In 2014, Canadian photographer Ian Willms’ father was involved in a horrific motorcycle accident in South Africa. Willms did not have a close relationship with his father but he was nonetheless drawn to him. “I went to find him, paralysed and comatose in a hospital,” explains Willms. “I’d visit him three times, daily. We hadn’t been close for much of my life but this accident brought us together.”
Willms began to document his journey with his father, creating a series of thoughtful images that form part of an ongoing project called, We Shall See.
"We Shall See is the name I gave to this series of photographs while my father was still living. I see now that was a reflection of the hope I had that while he would not fully recover physically, perhaps a new relationship would emerge for us,” says Willms. “Then he died.”
Willms says his father’s death was a violent transition. We spoke to him about how the development of their relationship and his unexpected loss informed the series:
You’ve said that the accident brought you and your father closer together. How would you characterise your relationship before the accident?
In a word, tumultuous. There were long periods of my life when he simply wasn’t around. My mother raised me on her own and we struggled a lot. I held onto a lot of anger towards him into my adult life. About three years before his accident we made amends and began to have a much more meaningful relationship. I’m so grateful that we had those years together. After his accident, my instinct was to go directly to him. It was reaction born from an unconditional love that I had never felt toward him before. He and I found ourselves together in the hospital for long periods of time, with nothing to do but talk. We learned a lot about each other during those months.
What inspired you to start documenting this journey?
Because he was incapacitated and confined to an ICU in South Africa, I was his only connection to friends and family overseas. Taking photos began a way for me to communicate what we were going through. It was too painful for me to keep explaining how bad things were. The camera went far to eliminate that process. Not long after I began photographing and posting the images to Instagram, the photos took on a much deeper purpose.
Did your father express any thoughts on the project before his passing?
He wanted me to photograph as much as possible and then publish those images widely. In his own words, “at least something good can come from all this.” There was some collaboration between us as time went on. Sometimes he’d ask me to photograph specific things or in moments when I felt that I was taking away his dignity. He was often the driving force behind the most difficult images. Making these pictures was something we could do together, despite being in a totally shit situation.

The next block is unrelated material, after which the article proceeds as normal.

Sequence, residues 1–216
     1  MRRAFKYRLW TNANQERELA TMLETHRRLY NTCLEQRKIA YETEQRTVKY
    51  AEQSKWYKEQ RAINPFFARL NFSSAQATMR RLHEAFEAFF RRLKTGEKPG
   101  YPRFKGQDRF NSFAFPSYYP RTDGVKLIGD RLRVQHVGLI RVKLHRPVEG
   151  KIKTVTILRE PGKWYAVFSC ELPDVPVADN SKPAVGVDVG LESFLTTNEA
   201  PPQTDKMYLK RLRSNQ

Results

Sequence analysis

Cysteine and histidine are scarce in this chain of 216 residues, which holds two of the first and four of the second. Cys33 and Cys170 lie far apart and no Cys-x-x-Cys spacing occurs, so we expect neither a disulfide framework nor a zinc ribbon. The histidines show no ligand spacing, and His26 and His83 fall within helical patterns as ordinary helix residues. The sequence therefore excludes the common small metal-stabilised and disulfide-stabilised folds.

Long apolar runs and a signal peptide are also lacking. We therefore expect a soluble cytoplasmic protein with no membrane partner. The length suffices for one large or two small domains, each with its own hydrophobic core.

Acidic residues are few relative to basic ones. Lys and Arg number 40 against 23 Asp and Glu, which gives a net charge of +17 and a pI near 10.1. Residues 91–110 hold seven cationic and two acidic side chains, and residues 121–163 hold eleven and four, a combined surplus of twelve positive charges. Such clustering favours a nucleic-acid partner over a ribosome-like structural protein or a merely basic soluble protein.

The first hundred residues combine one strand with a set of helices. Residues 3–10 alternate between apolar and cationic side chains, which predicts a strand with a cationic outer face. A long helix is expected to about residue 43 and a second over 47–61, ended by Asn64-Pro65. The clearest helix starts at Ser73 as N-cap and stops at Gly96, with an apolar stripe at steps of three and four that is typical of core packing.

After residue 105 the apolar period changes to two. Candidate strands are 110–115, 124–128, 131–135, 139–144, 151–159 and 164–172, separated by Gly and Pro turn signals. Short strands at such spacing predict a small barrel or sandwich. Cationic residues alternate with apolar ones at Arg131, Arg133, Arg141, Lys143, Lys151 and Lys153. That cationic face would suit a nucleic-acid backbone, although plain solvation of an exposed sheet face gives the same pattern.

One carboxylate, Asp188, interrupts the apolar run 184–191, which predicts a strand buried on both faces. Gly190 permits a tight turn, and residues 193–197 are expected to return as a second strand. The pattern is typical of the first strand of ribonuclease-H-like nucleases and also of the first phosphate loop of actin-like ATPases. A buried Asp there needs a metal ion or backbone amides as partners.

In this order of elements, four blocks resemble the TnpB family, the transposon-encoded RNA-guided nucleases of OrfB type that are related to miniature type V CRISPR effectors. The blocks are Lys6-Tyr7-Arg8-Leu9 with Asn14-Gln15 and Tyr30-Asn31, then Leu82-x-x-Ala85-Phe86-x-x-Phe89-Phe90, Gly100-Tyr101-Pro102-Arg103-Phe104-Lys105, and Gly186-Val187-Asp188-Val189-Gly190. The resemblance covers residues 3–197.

How have people responded to the project?
The comments on the Instagram feed never stop coming. People all over the world have written in to tell me that these photos have helped them to deal with their own feelings of grief and/or trauma. It was an unexpected gift to be able to receive such visceral and immediate feedback from the viewers of my photographs. Their healing helped my own process and strengthened my relationship with photography at a time when I was doubting everything.
What kind of equipment did you use?
I usually use a Leica M camera and a 35mm lens, but there are some cell phone shots in this project as well.
What kind of techniques did you employ in editing? What did you wish to convey?
The edit of this work is constantly evolving, just like my own relationship with losing my father. I had an exhibition of this work in May 2015, in Toronto. It was the biggest show I’ve ever put on. Leading up to the installation, my place was covered with test prints on all the walls. I would work in the middle of all this and then take breaks to consider the relationship between each image. Emotionally speaking, it was an incredibly difficult process for me.
When I’m posting to Instagram, I try to consider the sequencing of the photos and how they relate going forward. Relationships of form come into play quite often with monochrome work. The goal is to have a continuous stream that never really breaks the narrative.
I will keep photographing this project for as long as I’m dealing with my grief and trauma. I also have a bunch of old slide film that my dad shot as a young man, so that will show up soon. I’m planning on making a book and will be posting the process on the feed. Stay tuned.